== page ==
2. Heinrich-Pette-Institute - Leibniz Institute for Experimental Virology, Hamburg, Germany
    Contribution
    SK, Performed the biochemical experiments in the labs of HW and HC, Performed the ChIP sequencing in the lab of LD, Performed the EMSA and Nucleosome shift assays, Acquisition of data, Analysis and interpretation of data, Involved in the conceptual design of the manuscript and wrote the manuscript
    For correspondence
    kinkley@molgen.mpg.de
    Competing interests
    The authors declare that no competing interests exist.
    ORCID icon "This ORCID iD identifies the author of this article:" 0000-0003-4997-4749

Funding

Deutsche Krebshilfe (10-2243-Wi4)

  • Hans Will

The funders had no role in study design, data collection and interpretation, or the decision to submit the work for publication.

Acknowledgements

We would like to acknowledge Silke Sperling for fruitful discussions and for contributing biotinylated histone peptides, Dr. Robert Lam for his assistance in data collection and structure determination of PHF13, Beate Lukaszewsa-McGreal for her excellent technical support in LC-MS/MS sample preparation and the sequencing core unit at the Max Planck for Molecular genetics for their excellent technical support in the RNA sequencing experiments. The structural data have been deposited in the Protein Data Bank with the accession numbers 3O70 and 3O7A for apo-PHF13-PHD and H3K4me3-PHF13-PHD, respectively. The ChIP and RNA sequencing data have been deposited to Array Express (https://www.ebi.ac.uk/arrayexpress/) and can be accessed with the following ids E-MTAB-2636 and E-MTAB-2637, respectively. This work was mainly funded by a grant from the Deutsche Krebshilfe #10-2243-Wi4 and by the Max Planck Society. The Heinrich Pette Institute is supported by the Freie und Hansestadt Hamburg and the German Federal Ministry of Health and Social Security. The SGC is a registered charity (number 1097737) that receives funds from AbbVie, Bayer Pharma AG, Boehringer Ingelheim, Canada Foundation for Innovation, Eshelman Institute for Innovation, Genome Canada, Innovative Medicines Initiative (EU/EFPIA) [ULTRA-DD grant no. 115766], Janssen, Merck & Co., Novartis Pharma AG, Ontario Ministry of Economic Development and Innovation, Pfizer, São Paulo Research Foundation-FAPESP, Takeda, and the Wellcome Trust (to JM).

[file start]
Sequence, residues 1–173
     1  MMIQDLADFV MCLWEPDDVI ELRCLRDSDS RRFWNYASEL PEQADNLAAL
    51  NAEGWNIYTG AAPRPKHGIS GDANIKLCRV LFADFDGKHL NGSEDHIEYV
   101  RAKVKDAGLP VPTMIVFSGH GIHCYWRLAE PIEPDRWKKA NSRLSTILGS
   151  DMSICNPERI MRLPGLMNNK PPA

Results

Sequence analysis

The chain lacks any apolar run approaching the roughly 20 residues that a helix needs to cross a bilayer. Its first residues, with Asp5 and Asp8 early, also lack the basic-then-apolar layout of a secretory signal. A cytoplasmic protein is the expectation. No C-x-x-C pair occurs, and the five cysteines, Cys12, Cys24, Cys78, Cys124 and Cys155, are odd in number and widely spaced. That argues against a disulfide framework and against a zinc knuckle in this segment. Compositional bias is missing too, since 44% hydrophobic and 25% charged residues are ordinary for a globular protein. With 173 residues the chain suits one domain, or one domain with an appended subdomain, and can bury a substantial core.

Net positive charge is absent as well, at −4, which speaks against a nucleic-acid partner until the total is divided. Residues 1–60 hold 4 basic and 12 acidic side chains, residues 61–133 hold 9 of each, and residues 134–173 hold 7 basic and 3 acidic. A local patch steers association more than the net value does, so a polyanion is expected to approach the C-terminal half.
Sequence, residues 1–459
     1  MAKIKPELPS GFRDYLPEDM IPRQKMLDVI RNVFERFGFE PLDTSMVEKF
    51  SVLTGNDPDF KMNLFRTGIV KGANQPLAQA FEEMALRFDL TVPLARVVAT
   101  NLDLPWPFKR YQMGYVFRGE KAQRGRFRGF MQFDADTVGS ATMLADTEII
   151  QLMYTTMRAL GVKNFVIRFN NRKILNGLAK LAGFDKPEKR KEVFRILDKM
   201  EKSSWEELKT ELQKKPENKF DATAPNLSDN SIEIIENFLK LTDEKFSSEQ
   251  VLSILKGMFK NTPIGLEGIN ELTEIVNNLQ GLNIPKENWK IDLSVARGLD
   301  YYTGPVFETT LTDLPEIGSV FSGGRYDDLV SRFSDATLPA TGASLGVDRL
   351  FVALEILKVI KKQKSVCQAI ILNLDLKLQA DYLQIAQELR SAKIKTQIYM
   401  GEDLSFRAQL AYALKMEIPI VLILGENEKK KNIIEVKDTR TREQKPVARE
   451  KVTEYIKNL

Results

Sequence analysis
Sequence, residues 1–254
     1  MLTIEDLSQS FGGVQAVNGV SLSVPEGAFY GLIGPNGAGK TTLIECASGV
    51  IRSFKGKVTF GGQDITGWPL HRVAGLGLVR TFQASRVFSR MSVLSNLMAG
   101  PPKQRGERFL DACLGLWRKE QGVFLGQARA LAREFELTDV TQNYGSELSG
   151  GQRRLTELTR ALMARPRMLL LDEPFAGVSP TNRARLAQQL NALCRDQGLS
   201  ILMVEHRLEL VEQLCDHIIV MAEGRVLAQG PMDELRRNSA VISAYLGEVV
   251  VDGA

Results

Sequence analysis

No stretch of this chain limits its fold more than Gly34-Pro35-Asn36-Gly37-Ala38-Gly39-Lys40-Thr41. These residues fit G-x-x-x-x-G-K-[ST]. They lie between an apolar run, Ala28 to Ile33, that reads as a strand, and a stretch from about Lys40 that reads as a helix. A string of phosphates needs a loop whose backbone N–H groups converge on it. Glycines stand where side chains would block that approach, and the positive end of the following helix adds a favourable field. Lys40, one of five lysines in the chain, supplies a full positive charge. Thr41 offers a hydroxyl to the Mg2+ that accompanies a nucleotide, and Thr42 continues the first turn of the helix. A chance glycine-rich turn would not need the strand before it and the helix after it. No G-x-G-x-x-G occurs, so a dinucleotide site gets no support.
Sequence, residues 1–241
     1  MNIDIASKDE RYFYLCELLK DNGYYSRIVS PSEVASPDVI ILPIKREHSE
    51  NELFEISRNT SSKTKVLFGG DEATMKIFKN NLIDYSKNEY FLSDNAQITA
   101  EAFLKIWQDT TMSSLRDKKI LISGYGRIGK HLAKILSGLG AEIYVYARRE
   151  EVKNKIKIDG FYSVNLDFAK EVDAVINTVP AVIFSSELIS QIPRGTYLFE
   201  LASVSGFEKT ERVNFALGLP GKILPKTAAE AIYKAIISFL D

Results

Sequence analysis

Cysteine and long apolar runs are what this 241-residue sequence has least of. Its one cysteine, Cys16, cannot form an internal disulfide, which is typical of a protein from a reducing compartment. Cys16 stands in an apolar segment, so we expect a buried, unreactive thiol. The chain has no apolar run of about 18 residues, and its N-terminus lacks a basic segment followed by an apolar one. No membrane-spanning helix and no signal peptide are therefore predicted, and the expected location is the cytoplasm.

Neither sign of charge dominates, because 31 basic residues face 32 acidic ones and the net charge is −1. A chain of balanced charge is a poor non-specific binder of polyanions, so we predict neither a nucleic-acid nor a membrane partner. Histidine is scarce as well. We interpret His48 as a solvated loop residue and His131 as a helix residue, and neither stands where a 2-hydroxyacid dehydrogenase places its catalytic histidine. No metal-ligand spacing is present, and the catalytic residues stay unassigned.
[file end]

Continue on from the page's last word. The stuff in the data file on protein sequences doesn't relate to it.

Reviewing Editor

  1. Jessica K Tyler, Weill Cornell Medicine, United States

Publication history

  1. Received: August 4, 2015
  2. Accepted: May 19, 2016
  3. Accepted Manuscript published: May 25, 2016 (version 1)
  4. Accepted Manuscript updated: May 26, 2016 (version 2)
  5. Accepted Manuscript updated: May 27, 2016 (version 3)
  6. Version of Record published: June 21, 2016 (version 4)

Copyright

© 2016, Chung et al.

This article is distributed under the terms of the Creative Commons Attribution License, which permits unrestricted use and redistribution provided that the original author and source are credited.